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Northwest Renovation
Oh Baby! Decorating Trends for Tots to Teens

June/ July 2007
If you're awaiting a visit from the fabled stork, join the club. There are more than 73 million moms or moms-to-be in the US today, ranging in age from teen years to 40-plus. While each and every one of them is going to need at least one crib, a changing table, and a rocking chair, the demand for baby goods doesn't stop there.

Grandparents also play a major role in spending and "are expected by 2010 to be 80 million strong and spending $35 billion per year on their grandchildren," says Lauren Estep, spokesperson for Young America, a furniture manufacturer based in Stanleytown, VA. The baby business is booming, and with it comes an endless array of options aimed at creating a child's room that is safe, functional, and fun.

When it comes to creating your first nursery, there are several must-have items every parent should consider, with a new crib topping the list.

Whatever your budget, don't scrimp on the crib, says Mary Bauer, owner of Baltimore, MD-based Bratt Decor. Her company has designed nurseries for celebrities like Angelina Jolie and Desperate Housewives's Marcia Cross.

Although the crib is a classic hand-me-down, Bauer urges first-time parents to buy new and to buy the best one they can afford. "With a used crib, you don't know the history of it, you don't know its condition," or whether there has been a recall on it for safety reasons, she explains.

After that, Bauer believes, the most important "thing" in that room is the mother, and the nursery should reflect, at least for the first two years, her tastes.

"It depends on who you ask," she acknowledges, "But my belief is the nursery should be a room the mother herself loves, looks forward to going to, and then feels comfortable and at ease while she is in there." Once the child is potty-trained, the room should be re-done to reflect the child's emerging personality and needs, she adds. Next to a crib, a comfortable chair, dresser, changer and bookshelves are the most critical furnishings in the room, says Ann Adrian, owner of Portland, OR-based Goodnight Room.

She suggests an oversized chair that both swivels and rocks. "It's a multipurpose chair. You'll use it for nursing, for rocking the baby to sleep, you'll read to them sitting in it. The chair should be easy to get in and out with your hands full."

Again, shoot for the best you can afford: "Quality means you can re-cover the chair and use it elsewhere in the home," Adrian adds. As for the dresser and bookshelves, there are plenty of options to choose from.

"Kids typically have the most stuff in the family and the smallest rooms," says Estep, noting that Stanley Furniture's Young America line offers a variety of dressers and chests with deep drawers and hutches with an assortment of shelves and cubbyholes.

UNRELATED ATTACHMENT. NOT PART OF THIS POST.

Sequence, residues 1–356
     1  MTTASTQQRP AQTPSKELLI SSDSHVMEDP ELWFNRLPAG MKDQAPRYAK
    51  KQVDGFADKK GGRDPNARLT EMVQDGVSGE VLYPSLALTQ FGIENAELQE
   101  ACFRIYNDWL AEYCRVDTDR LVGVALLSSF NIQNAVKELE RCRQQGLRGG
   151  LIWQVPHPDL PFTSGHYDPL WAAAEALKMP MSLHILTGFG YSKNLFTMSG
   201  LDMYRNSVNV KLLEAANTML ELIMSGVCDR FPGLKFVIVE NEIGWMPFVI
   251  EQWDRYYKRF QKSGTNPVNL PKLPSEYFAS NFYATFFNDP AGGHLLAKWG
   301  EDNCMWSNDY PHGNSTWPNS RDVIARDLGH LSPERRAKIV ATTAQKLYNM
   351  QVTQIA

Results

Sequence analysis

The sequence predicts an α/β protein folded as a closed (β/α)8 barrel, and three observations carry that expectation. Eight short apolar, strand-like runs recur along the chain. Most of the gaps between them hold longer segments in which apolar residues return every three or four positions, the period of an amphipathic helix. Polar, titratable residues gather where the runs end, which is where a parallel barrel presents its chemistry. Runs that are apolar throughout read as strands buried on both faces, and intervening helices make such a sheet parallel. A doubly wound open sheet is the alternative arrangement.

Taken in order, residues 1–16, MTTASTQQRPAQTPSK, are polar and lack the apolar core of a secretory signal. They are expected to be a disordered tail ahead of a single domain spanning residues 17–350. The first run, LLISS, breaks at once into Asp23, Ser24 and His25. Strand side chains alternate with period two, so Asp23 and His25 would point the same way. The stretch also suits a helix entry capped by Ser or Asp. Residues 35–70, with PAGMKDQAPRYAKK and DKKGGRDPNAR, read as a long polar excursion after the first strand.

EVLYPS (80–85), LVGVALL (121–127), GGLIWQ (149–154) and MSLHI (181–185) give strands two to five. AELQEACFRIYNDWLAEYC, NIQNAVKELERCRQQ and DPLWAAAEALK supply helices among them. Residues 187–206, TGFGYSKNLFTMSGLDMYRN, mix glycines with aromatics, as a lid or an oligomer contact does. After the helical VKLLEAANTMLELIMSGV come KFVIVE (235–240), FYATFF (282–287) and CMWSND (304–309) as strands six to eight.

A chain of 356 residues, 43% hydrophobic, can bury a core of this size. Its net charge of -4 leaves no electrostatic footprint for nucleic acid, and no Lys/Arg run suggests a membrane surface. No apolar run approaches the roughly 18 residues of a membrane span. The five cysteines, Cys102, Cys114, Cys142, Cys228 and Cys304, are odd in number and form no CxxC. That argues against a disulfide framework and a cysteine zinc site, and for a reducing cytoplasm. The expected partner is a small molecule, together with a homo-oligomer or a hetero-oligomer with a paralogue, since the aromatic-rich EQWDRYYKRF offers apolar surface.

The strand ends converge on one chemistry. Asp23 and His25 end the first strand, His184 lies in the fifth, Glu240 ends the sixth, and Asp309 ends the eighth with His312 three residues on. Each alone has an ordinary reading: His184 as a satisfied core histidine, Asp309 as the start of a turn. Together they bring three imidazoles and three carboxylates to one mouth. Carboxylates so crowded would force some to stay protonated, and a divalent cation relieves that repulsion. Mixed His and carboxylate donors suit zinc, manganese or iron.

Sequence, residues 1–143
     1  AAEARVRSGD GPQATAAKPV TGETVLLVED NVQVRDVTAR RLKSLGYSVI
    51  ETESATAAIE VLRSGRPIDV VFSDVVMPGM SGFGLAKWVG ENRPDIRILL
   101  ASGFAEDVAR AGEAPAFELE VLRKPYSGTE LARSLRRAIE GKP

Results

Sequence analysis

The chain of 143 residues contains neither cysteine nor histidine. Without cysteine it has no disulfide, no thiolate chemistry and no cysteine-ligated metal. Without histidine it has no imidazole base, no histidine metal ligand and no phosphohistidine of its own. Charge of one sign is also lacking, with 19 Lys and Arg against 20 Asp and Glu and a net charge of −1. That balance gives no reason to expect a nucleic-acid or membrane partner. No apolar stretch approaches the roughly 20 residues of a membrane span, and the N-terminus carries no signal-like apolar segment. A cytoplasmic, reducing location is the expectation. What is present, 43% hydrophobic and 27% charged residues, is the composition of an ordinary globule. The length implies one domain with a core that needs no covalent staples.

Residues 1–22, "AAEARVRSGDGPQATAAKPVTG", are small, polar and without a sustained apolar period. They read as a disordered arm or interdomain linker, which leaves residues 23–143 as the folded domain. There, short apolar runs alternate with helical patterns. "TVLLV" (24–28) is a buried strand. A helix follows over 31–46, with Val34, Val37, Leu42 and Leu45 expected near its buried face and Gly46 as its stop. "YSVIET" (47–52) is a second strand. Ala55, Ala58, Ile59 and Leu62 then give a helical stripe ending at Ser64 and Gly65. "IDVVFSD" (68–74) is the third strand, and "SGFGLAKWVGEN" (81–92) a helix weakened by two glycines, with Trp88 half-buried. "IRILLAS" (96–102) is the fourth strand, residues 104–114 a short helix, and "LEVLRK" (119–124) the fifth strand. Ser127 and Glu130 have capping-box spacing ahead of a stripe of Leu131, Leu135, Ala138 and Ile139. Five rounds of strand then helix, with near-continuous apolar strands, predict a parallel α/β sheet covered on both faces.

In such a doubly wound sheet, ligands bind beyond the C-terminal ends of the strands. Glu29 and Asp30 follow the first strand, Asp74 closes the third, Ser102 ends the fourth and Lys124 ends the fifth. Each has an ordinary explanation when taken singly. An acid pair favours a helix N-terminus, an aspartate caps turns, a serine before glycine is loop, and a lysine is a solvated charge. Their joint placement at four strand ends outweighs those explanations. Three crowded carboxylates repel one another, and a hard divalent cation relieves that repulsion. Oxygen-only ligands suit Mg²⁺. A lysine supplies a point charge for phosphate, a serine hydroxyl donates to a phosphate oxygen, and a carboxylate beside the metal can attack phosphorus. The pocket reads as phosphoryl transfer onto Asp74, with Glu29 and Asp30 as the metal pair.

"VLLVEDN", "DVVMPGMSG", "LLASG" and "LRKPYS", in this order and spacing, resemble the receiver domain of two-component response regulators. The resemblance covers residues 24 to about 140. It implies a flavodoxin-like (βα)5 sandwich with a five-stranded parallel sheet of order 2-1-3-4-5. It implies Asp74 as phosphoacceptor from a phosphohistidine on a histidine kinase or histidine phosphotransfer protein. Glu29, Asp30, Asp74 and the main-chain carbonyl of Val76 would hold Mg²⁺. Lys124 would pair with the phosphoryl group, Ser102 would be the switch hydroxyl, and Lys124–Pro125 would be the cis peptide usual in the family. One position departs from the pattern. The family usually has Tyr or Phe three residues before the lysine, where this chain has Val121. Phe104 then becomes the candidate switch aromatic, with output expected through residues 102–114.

In cramped quarters, don't forget to look under the bed. Inexpensive cardboard or plastic storage tubs offer one solution. Or you can buy a twin bed with a storage drawer built right in.

Families on a budget can shop second-hand for some of these items, using paint, stencils, or wallpaper to jazz them up. Look for vintage dressers with interesting details, like hand pulls and carvings.

Can't find what you're looking for? Buy new, unfinished furniture and tackle the same kinds of projects, says Rick Slater, owner of Natural Furniture, based in Portland, OR.

In addition to dressers, his store carries pint-sized tables and chairs, bunk beds, and toy boxes. The advantage in buying new is safety, Slater explains. The industry has rigorous standards, meaning childrens furniture has rounded edges, slow-close hinges, and safety rails on bunk beds.

More Than Two Colors

Despite today's retro rage, candy pink and robin's egg blue are no longer the colors chosen to adorn today's nursery.

Nowadays, Bauer says, chocolate brown, paired with pastel colors like yellow, pink, and blue, is the going trend. These are unisex colors, reflecting a shift in new-parent attitudes: They don't want to know the gender of their baby before it's born, and this color reflects their happy uncertainty.

"Five years ago they did," Bauer says of the shift from "do know" to "don't know." Choosing this color scheme allows for better planning.

Here in the Pacific Northwest, the chocolate brown and pastel pairing offers a "sophisticated look," and those colors -- along with stuffed animals like the whimsical sock monkey or the resurgence of vintage tin toys -- "hearkens back to the youth of today's young parents. Once past the nursery stage, decorating an older child's room becomes a shared adventure between parent and child, "Adrian adds.

Popular hues for walls, bedding, and throw rugs include watermelon, periwinkle, and surf blue. Boy or girl, themes are as popular as ever: Cowboys and Indians, Star Wars, Barbie, and Disney princesses reign supreme.

For tweens and teens, customization is the buzzword here: "From made-to-order M&M' s emblazoned with children's names, to colorful iPod nanos with personalized play lists, kids are looking for expressions that are all their own," Estep says.

It can be hard to strike a balance between the older child's needs and wants, and the color palate that straddles the line between natural expression and eyesore.

Written by: Susan Rich


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